Laxmi Niwas was the preferred acquirer. Only the older brother could have solved Ispat's myriad of problems and his credit rating is impeccable. He knows Ispat inside and out having spent his early years at the plants.. he has access to the latest in technology and European experienced executives he can move around at will.. last few years he has assigned a Team to study Ispat so he is well up on it.. Great Pity.. animosity so great between the two, Pramod chose to cut off his nose to spite his face.. I had offered for years to act as intermediary to patch up.. BUT Pride.. he brushed me off with a terse comment "internal family problem".. Vinod has better relations.. OF course, to be fair, it works both ways.. As a devout Hindu, older brother Laxmi could have reached out...

REPLY

Aditya

In Reply to pravin 7 years ago

Truely agree with you. LN Mittal would been a better option . lets wait and watch how Ispat goes now from here on the shoulders of JSW.

Vinay Isloorkar

7 years ago

22.12.10

Call it corporate governance, shareholder friendly track record or plain good intentions, Jindals will be good news for any enterprise. What sets them apart is ( as Steven Covey puts it ) abundance mentality. The only worrisome part is the lingering presence of Mittals.

Forecast 2011: Kotak expects a ‘blockbuster' year for top three Indian ITs

Based on a strong quarter of consulting sales and bookings by Accenture, and robust growth in new licence sales by Oracle, Kotak Institutional Equities expects blockbuster growth for the top three Indian IT services firms–TCS, Infosys and Cognizant—in the new year

Accenture's November 2010 earnings saw consulting revenues driving growth with a 15% quarter-on-quarter uptick, which clearly suggests increasing discretionary spends, according to Kotak Institutional Equities. Outsourcing revenues also grew a strong 6.5%. Constant currency revenue growth hit double digits for the first time in several quarters and outsourcing order booking was up 28%.

Oracle saw a 14% q-o-q growth in dollar terms. New software licence sales amounted to $2 billion, up 23% year-on-year. This was the highest-ever new licence sales in the November quarter.

Based on these numbers, Kotak Institutional Equities gave a heads-up to its clients about possible upgrades in estimates of tier-I companies. "Our current estimates do not factor in this possibility yet (potential of 30%+ constant currency revenue growth year) and we believe that neither do the consensus numbers. We clearly see a possibility of further revenue upgrades for tier-I names. Also, with most of the Street having reset their rupee/$ assumptions to 43-44.5 for FY12, a weaker rupee could lead to meaningful EPS upgrades as such."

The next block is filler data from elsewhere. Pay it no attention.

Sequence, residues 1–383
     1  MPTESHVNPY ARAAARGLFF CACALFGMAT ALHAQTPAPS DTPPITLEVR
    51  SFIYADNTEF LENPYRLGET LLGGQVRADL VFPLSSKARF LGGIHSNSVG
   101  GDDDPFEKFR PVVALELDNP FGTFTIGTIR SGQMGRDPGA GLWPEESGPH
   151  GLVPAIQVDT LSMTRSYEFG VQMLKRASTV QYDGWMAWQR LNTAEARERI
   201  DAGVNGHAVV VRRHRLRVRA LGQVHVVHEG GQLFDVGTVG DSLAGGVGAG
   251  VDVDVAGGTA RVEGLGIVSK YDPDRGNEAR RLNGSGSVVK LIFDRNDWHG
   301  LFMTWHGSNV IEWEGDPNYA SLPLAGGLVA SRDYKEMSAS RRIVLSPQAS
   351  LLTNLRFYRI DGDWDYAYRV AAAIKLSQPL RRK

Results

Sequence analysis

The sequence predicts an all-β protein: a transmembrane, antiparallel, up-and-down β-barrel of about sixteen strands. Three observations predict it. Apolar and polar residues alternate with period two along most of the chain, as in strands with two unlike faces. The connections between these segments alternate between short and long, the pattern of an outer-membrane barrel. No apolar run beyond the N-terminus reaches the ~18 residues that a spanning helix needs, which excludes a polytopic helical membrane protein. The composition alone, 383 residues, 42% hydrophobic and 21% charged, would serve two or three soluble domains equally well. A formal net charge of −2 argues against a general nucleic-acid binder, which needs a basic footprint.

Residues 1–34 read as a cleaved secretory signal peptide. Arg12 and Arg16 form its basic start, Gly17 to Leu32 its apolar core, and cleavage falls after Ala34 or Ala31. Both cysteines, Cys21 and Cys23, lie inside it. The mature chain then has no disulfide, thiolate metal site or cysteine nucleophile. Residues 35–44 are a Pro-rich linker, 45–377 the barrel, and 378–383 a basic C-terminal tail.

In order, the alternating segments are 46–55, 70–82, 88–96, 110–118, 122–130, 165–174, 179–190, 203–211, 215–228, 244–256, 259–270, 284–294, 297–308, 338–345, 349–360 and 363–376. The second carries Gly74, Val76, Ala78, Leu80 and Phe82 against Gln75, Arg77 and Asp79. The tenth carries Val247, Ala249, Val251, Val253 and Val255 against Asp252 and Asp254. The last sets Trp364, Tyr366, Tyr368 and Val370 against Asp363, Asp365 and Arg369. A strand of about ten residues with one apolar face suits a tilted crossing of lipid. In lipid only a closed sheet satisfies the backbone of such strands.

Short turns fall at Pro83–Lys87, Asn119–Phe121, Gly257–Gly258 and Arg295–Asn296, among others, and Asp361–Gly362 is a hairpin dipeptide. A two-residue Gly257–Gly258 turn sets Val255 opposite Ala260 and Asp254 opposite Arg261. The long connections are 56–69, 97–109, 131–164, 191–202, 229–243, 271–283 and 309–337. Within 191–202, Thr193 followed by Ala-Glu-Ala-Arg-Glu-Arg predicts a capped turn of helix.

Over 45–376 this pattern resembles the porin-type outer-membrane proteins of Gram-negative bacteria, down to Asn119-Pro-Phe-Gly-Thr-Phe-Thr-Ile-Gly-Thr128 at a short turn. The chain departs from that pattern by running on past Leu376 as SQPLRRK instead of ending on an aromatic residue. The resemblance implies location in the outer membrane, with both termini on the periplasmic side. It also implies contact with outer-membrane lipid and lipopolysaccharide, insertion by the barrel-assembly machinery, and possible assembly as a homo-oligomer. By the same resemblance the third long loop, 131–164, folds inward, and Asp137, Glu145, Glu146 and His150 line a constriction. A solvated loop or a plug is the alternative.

A large part of the hope for higher discretionary spending by US companies is based on Federal Reserve data which suggests that American corporations are sitting on roughly $1.9 trillion in cash!


Kotak expects the best growth to come in mid-cap names such as Hexaware, Mindtree and Satyam. Best large-cap growth is expected from HCL Tech and Infosys. TCS and Wipro seem to be lagging behind in terms of growth and yet they are the most expensive.

IT companies have been outperformers in the last month or so, as they were considered safe havens in the middle of the scams that broke out, and the relatively positive data coming out of the US. Infosys has gone up almost 14% from a low of Rs2,950 on 24th November, while TCS and HCL Technologies are up 16% and Wipro is up by as much as 20%.

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Forecast 2011: Nomura expects EMs to outperform; year of consolidation for India

Nomura says China will contribute three times as much as the US to global growth in 2011. India, the brokerage says, will contribute as much to global growth as Western Europe and Japan combined

Nomura, the global financial services firm, expects overall global GDP growth at 4.3% with developed market growth at 2.2% and emerging market growth at 6.6% in the new year. The US is expected to grow at 2.5%, with the best growth in Latin America expected Chile at 6.5%. The Asia Pacific region is expected to grow at 6.7%. Australia, New Zealand and Indonesia will see steady growth, while Japan, China, Hong Kong and India are expected to have moderate growth, whereas growth in Singapore, Thailand and Taiwan may fall sharply.